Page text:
Photo expert Madison loved the puffins

After all the photo taking at the bird-filled cliffs, and being so repulsed by a mixture of poop and feather fluff that we decided to set free all the puffins we tourists had kidnapped into the 1999 Toyota Avensis, we only had a few hours to catch our ferry back to mainland Iceland. We were sad to leave the magic and the peace we'd found in THE WESTFJORDS!!! but also anxious that Karen, our Australian GPS wouldn't remember where the ferry was, and then we'd be forced into a marriage with a Shore Laddie in order to survive here forever. So away through the fog and clouds, down the windy unpaved roads we went, ears popping from the altitude for the last time.

My future house
My future house

We arrived early at the ferry docks and could already see the boat making its triumphant second and final daily trip across the sea. Many cars and trucks were lined up, and ready to go. Amy had to nip to the loo (go the bathroom) for the millionth time (sorry Amy, but you really do need to go...A LOT) so we piled into the tiny wooden coffee and supplies shop at the bottom of the hillside. There was a line for the bathroom so we patiently waited in the queue, sharing friendly smiles with the other passengers. One of the woman waiting had a grumpy expression, and as soon as I made eye contact with her, she averted her eyes and shuffled off to the back of the queue, looked around slowly, and then hurried out the door on to the porch; she stared out at the sea with her back to us. Hmmm, that was weird, I thought.

A moment later, the door to the loo creaked open revealing a young Asian woman clad in adventure-type gear. My throat went dry and my stomach collapsed at my feet. I could feel Madison's tummy hit the ground beside me. Amy dashed into the bathroom. We didn't have time to make a plan of action, so we gave our best, most angelic grins and enthusiastic nods of traveller-recognition, you know, the kind that fellow budget travellers who think they will never see one another other again do when they coincidentally buy tickets for the same ferry on a very small tip of Iceland in which only 3% of tourists visit, including the 0.02% who like to steal damp beachwear and the 0.01% who are innocent victims of such crimes. The Asian woman nodded stiffly, hesitated, and then walked right out the shop and stood beside the grumpy Australian, arms folded away from us. We could see them whispering, plotting, planning to hide the evidence...and possibly dump our bikinis, and now our bodies, over the side of the ferry at Flatey Island. Before Amy could flush, they were briskly walking down the porch and away...

Step 3) Investigate your suspects. Well, at this point they were no longer suspects, they were The Accused! Thanks to our list and detailed detecting, we could have called the police, but we didn't know the Icelandic number for 911, so we decided to stay hot on their tail and, really, how far could they get on a twelve vehicle ferry boat!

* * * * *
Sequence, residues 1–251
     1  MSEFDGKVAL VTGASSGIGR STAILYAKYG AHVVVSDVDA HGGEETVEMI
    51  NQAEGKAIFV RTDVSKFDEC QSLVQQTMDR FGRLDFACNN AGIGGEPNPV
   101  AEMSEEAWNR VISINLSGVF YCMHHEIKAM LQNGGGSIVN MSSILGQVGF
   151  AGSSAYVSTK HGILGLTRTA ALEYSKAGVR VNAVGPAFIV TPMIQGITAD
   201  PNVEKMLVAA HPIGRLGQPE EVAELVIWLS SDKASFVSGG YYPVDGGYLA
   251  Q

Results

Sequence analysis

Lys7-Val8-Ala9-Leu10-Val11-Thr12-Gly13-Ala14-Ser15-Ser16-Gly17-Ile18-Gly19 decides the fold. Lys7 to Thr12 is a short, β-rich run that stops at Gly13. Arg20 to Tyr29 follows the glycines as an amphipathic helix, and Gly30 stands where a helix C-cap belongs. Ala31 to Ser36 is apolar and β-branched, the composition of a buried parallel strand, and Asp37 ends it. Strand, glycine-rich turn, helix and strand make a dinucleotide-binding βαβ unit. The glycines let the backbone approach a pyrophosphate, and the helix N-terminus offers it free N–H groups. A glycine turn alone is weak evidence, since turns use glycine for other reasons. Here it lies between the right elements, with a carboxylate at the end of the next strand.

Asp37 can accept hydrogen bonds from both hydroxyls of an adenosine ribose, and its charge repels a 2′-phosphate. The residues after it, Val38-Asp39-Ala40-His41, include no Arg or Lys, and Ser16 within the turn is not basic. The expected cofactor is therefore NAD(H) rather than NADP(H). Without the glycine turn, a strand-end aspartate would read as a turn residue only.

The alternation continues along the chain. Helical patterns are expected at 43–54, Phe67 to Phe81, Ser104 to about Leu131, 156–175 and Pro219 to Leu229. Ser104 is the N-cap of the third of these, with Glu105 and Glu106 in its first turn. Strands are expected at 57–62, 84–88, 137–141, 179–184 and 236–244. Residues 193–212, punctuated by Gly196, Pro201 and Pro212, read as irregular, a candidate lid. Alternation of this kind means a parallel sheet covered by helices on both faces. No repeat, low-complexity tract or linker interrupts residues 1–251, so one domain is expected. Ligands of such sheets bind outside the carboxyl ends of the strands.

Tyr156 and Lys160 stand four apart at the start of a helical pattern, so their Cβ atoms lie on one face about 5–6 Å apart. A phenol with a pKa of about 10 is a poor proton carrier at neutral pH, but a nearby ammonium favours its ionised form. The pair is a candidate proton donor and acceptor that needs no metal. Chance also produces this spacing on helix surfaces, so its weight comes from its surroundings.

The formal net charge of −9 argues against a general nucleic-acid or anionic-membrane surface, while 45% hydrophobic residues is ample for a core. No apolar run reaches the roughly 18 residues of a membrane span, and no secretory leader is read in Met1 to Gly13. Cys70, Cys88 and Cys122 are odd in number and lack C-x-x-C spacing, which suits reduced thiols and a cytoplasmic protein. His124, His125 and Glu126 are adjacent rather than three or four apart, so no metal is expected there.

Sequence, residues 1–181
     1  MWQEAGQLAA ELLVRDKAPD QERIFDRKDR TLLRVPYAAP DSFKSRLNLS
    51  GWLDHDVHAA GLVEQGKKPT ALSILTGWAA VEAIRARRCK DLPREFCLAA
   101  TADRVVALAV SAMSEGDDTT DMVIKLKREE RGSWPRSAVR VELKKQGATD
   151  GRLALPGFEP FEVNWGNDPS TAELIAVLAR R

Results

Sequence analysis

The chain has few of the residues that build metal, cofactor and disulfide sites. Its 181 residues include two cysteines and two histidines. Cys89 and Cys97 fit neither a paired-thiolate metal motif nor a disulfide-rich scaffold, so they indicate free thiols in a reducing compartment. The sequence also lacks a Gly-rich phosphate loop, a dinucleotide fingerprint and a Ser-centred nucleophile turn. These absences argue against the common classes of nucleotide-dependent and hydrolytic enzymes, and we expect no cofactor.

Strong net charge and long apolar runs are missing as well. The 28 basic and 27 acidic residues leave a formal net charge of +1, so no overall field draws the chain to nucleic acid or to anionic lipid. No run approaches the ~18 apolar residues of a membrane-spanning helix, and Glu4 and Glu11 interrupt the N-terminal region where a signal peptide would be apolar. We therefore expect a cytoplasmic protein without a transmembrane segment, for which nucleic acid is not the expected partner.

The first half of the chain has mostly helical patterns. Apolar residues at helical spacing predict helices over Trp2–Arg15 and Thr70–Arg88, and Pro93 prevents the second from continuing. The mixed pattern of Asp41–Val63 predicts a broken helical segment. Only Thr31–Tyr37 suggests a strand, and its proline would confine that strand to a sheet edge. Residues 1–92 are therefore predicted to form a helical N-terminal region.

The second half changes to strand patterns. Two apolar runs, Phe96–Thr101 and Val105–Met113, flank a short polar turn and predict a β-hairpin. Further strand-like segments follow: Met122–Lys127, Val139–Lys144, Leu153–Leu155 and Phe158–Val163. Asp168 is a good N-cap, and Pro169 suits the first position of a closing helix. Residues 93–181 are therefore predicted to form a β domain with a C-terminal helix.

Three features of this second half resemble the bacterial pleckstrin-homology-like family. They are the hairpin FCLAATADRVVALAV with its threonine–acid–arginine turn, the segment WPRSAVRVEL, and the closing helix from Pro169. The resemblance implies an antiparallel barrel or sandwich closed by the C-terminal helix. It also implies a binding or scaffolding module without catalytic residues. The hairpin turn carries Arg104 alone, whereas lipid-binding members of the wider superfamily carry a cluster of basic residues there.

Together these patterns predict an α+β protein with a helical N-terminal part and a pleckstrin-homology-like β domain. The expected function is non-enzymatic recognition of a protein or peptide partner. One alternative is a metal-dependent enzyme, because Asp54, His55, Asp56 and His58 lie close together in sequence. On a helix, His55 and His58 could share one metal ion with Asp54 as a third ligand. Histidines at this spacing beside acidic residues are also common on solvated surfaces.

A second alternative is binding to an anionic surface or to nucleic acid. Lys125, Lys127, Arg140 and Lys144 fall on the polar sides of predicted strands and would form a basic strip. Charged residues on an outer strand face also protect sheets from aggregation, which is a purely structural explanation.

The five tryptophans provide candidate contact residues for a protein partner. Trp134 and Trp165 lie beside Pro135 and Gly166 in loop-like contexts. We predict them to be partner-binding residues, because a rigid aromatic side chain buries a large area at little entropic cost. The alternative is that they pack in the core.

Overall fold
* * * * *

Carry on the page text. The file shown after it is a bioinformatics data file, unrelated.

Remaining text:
Finally Amy emerged from the bathroom and we filled her in on the situation, from the grumpy faces to the whispering, right down to the walking away from the porch. Amy was a little more reluctant to affirm their obvious guilt:

What if those aren't the same people? she pointed out. HOW MANY ASIAN PEOPLE ARE THERE IN THE WESTFJORDS!!! Madison and I snapped back, yes I'll admit, slightly paranoid. Okay, well...what if they didn't take our stuff? Amy pondered.You're honestly going to pin this on a happy family or vacationing Icelandic couple who were very friendly?! Amy be logical! We have to come up with a plan! Madison and were getting more hysterical. Amy still wasn't entirely convinced, being the thoughtful MA in School Psychology that she is.Madison took Amy's hands and, summoning up her most authentic Oprah spirit she said, Amy, I understand where you're coming from, but how does losing your bikini really make you feel? Amy thought for a moment... Okay, let's go after those grumpy thieving tourist- Bitches! I added, you know, just to be the bad Canadian cop for once...

Will the Three Tourist-Detectives bring the Grumpy-Thieving-Adventure-Tourists to justice? Or will the cool bikini, and BB's Everything disappear into the dark depth off the coast Vatnsfjörður forever? Or will Amy come to her senses and just look up the number for 9-1-1?



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Iceland Through and Through PART FOUR

Discovering the Westfjords&nbsp;

Discovering the Westfjords 

There is a town, sheltered by the endless, untamed cliffs, and shadowed by wandering clouds. We found it along the rock-strewn, unpaved roads that seemed to disappear from under us, and then threw us into the valleys below to Bildudalur. If dinosaurs still roamed the Earth, we’ll find them here between the vast expanses of turquoise, yet frigid ocean and the enigmatic sky. Dinosaurs maybe, but sea monsters, definitely, especially here in Bildudalur. We are in the heart of the Westfjords, and this place has already seized my heart. Yet it was a nearly empty gas tank, and a diversion to find a waterfall, and a transformation that shook my very core that this chapter of my journey is really about.

Of course Karen, our unknowledgeable Australian GPS, accidently took us on a 120km detour on the way to my ancestral town. Because my generation does not believe in maps, we naively followed her advice; instead of “RECALCULATING ROUTE” we continued onward. At first we were excited by the exhilaration of speeding up and down, we, a mere tiny dot on the reverberating fjords. But then we remembered that our gas gauge is permanently fixed at half-full and it had been a while since we’d filled up; according to Amy’s calculations we had only 75km until we’d be empty and stuck, soon to be gobbled up by the Jurassic landscape. The nearest “town” was around 35km away, and it was getting on midnight so we crossed our fingers that gas would still be available, otherwise we’d have to sleep in the car; oh wait, that is where we sleep every night… Though choosing to be homeless, and having homelessness thrust upon us, feels different somehow.